Touring theaters (пересувні театри; peresuvni teatry). Touring theaters in Ukraine evolved in the 18th century from serf theater and amateur theater and (except for Sadovsky's Theater in Kyiv) were the only form of Ukrainian theater until 1917. At the beginning of the 19th century there existed mixed Ukrainian-Russian-Polish troupes, such as those under I. Shtein, Liudvig Mlotkovsky, A. Zmiievsky, Petro Rekanovsky, Omelian Bachynsky, and Hryhorii Kvitka-Osnovianenko. The first professional Ukrainian theater was the touring Ruska Besida Theater, established in 1864 under Bachynsky.
After the ban on theater performances was lifted in Russian-ruled Ukraine, in 1881, leading troupes led by Marko Kropyvnytsky, Mykhailo Starytsky, and Mykola Sadovsky, Saksahansky's Troupe, and others also became touring theaters. Some toured outside Eastern Europe; Heorhii Derkach's troupe, for example, toured France in 1893–4. Because of severe censorship their repertoire consisted mainly of populist-ethnographical plays, and only after 1905 were translated dramas occasionally performed. By this time there were approximately 300 touring theaters in Ukraine. In the face of censorship and the tsarist ban on resident Ukrainian theaters they were the vanguard of the Ukrainian theater movement, and they developed an impressive number of outstanding performers, including Mariia Zankovetska, Hanna Borysohlibska, Ivan Marianenko, Dmytro Haidamaka, Kateryna Luchytska, Olena Petliash-Barilotti, Hnat Yura, and Ivan Zamychkovsky. They also spawned an antipodal genre, the fringe-grotesque lubok theater.
In 1916–18 the Theater of the Legion of Ukrainian Sich Riflemen toured throughout Galicia and along the front. The New Lviv Theater toured under the auspices of the Ukrainian Galician Army in 1919–20. In Vinnytsia the touring Franko Ukrainian Drama Theater was founded by Hnat Yura in 1920. During 1920–39 touring theaters were active in Western Ukraine in Galicia (the Zahrava Theater, the Tobilevych Theater, Yosyp Stadnyk's Union of Ukrainian Actors, the Ukrainskyi Teatr Co-operative, Stadnyk's Artistic Tour, Ivan Kohutiak's Ukrainian Touring Theater, and Opanas Karabinevych's Sadovsky Ukrainian Drama Theater), in Volhynia (N. Boiko and O. Mitkevych's troupes), in Bukovyna (a drama section in the Bukovynian Kobzar Association and Sydir Terletsky's troupe), and in Transcarpathia (the Ruthenian Theater of the Prosvita Society and, later, Nova Stsena Theater). A Western Galician touring theater, Melpomena, headed by M. Aidariv, successfully toured throughout Poland in 1933–7, including Cracow, Kielce, Łódź, and Warsaw voivodeships in its tour. In eastern Ukraine, for the first few years after 1917, agitprop theater existed as a form of touring theater, whose activities consisted mostly of concert-meetings under the auspices of the Soviet Army. In the 1920s there appeared workers' and peasants' touring theaters (since 1929 workers' and collective-farm theaters), which also sponsored touring displays on housekeeping, educational, and sanitary topics and were subordinated to the larger resident theaters. There were also touring theaters of small forms, such as Veselyi Proletar in Kharkiv, the Poltava Chervonyi Perets Theater, touring contemporary variety theaters, and the Siiach touring theater from Poltava (1923–7). From 1961 oblast-level theaters were responsible for touring to towns, workers' settlements, and collective farms.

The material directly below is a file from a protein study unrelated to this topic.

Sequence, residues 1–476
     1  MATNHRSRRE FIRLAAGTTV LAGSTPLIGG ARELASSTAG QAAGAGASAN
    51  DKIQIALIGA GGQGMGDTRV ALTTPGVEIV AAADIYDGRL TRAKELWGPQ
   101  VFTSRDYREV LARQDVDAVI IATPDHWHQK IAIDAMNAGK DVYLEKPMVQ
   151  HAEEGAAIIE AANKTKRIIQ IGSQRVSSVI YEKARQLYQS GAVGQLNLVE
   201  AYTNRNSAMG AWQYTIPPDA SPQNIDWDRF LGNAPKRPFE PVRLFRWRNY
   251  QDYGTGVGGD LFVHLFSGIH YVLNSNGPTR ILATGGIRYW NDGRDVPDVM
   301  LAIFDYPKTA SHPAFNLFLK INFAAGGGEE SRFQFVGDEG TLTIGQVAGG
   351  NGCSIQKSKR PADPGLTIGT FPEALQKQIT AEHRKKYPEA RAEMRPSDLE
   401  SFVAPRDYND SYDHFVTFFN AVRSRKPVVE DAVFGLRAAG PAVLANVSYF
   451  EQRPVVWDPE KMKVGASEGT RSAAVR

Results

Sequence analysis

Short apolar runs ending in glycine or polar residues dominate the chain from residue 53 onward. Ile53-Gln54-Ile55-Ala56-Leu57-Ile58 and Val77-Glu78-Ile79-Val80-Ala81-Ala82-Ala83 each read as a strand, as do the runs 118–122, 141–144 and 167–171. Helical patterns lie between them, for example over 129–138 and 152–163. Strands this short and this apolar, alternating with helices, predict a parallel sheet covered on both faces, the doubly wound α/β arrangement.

[This article originally appeared in the Encyclopedia of Ukraine, vol. 5 (1993).]
Encyclopedia of Ukraine